“It has to be said that the situation is coming to a head, in such a way that the use of energy as a weapon is now being realized in several areas,” Habeck told reporters at a news conference in Berlin. This is not the first time Habeck has said Russia is using energy as ”a weapon.”

Germany has been under pressure from Ukraine and other nations in Europe to make progress in weaning itself off Russian energy supplies since the start of the invasion on Feb. 24. On Thursday, Habeck said that Germany was focusing on building up gas reserves to prepare for winter. “The gas storage facilities must be full by winter or else we will be in a situation where we can easily be blackmailed,” Habeck said. 

Families of Azovstal fighters appeal to Turkish president to initiate an extraction procedure: Families of Azov regiment fighters holed up in the Azovstal plant in Mariupol sent an emotional appeal to Turkish President Recep Tayyip Erdogan, urging him to “be a hero” and initiate an extraction procedure for all remaining fighters at the plant. At a news briefing in Kyiv, a father of an 18-year-old fighter urged the Turkish leader to seize “a historical opportunity to go down in history as a peacemaker, as a hero.”

“As a man to man, a father to a father, I implore you to save my son and his comrades,” Evheniy Suharnikov pleaded, referencing Turkey’s experience with military extraction operations in the Middle East. Using examples of extractions in Syria and Dunkirk during World War II, Suharnikov asked for a civilian vessel to be sent for the fighter’s collection from Azovstal. The fighter’s father also suggested they are taken to a neutral country, away from the hostilities. 

“We need a hero, a person with enough political authority to carry out this procedure. From a political and geographical perspective, we think Turkey can be that country and Erdogan can be that person,” he added.

EU proposes streamlined export plan for Ukrainian produce: The European Union is proposing to establish “solidarity lanes” exclusively for exporting agricultural goods from Ukraine to help ease the blockade of produce, which is “threatening global food security,” the commission said in a news release Thursday. The plan aims to integrate Ukrainian and EU infrastructure to mobilize 20 million metric tons of grain that must leave Ukraine within three months, EU Commissioner for Transport Adina Vălean said in the release.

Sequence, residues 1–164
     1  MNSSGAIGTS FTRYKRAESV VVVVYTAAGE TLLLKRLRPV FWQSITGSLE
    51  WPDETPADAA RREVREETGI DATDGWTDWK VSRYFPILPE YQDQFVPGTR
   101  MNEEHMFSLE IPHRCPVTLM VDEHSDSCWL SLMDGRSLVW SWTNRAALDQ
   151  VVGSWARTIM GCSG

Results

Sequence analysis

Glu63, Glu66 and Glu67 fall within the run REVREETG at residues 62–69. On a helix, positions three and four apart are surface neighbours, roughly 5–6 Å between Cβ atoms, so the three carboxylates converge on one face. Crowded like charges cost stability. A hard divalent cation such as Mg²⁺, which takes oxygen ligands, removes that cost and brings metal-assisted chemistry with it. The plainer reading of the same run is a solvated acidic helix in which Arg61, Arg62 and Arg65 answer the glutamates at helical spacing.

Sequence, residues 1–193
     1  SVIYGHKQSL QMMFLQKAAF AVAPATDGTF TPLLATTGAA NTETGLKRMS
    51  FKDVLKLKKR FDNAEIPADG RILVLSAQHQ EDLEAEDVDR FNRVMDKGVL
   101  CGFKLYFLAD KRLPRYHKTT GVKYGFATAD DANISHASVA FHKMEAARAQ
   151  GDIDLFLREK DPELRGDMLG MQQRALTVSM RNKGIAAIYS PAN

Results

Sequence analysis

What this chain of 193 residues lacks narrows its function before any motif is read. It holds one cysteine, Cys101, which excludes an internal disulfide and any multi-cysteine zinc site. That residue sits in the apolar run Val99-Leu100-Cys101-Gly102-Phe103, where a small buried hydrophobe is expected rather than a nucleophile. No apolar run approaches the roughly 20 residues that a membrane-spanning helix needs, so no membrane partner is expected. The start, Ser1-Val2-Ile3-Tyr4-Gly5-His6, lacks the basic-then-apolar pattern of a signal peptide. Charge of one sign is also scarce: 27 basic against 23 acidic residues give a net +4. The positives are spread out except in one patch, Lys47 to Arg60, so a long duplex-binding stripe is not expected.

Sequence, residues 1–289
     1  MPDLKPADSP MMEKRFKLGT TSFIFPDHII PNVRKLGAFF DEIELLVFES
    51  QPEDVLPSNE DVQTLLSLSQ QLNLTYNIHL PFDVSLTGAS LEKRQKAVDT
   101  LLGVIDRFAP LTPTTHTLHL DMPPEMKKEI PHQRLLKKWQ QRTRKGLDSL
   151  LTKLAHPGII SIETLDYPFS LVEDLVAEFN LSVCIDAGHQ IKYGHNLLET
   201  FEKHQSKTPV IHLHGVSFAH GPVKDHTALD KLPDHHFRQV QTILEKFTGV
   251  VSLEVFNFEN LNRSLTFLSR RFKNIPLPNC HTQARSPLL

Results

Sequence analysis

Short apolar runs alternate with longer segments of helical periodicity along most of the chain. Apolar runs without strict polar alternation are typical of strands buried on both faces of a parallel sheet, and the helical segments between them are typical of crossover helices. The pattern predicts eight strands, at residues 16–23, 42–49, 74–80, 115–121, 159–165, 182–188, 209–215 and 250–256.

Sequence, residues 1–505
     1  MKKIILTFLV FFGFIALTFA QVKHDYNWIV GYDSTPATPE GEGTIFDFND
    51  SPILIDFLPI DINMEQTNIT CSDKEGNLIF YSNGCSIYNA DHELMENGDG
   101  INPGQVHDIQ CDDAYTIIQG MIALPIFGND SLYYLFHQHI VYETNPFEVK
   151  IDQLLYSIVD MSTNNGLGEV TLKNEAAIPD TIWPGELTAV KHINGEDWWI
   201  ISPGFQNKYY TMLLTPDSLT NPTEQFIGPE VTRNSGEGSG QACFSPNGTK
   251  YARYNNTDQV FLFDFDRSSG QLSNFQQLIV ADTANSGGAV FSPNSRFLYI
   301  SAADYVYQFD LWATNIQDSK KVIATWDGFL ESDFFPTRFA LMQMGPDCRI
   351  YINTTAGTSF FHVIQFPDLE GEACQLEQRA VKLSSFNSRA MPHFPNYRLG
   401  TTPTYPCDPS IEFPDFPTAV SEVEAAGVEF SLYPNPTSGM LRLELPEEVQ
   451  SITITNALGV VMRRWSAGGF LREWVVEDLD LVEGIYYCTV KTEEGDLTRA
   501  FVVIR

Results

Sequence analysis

“Thousands” of trucks and wagons are stuck on the Ukrainian side of many EU borders, with an average waiting time of 16 days to pass through — rising to 30 days at some borders — the commission said.  

US: “Several thousand Ukrainians” sent to so-called filtration centers and tens of thousands taken to Russia: The United States assesses that Russian forces have sent “at least several thousand Ukrainians” to be processed at Russia’s so-called filtration centers “and evacuated at least tens of thousands more to Russia or Russia-controlled territory,” US Ambassador to the Organization for Security and Co-operation in Europe (OSCE) Michael Carpenter said Thursday.The forced displacement — and reported violence that are faced by those at the so-called filtration centers — amount to war crimes, Carpenter said according to the transcript of his remarks to the OSCE Permanent Council.

“Numerous eyewitness accounts indicate that ‘filtering out’ entails beating and torturing individuals to determine whether they owe even the slightest allegiance to the Ukrainian state,” Carpenter said.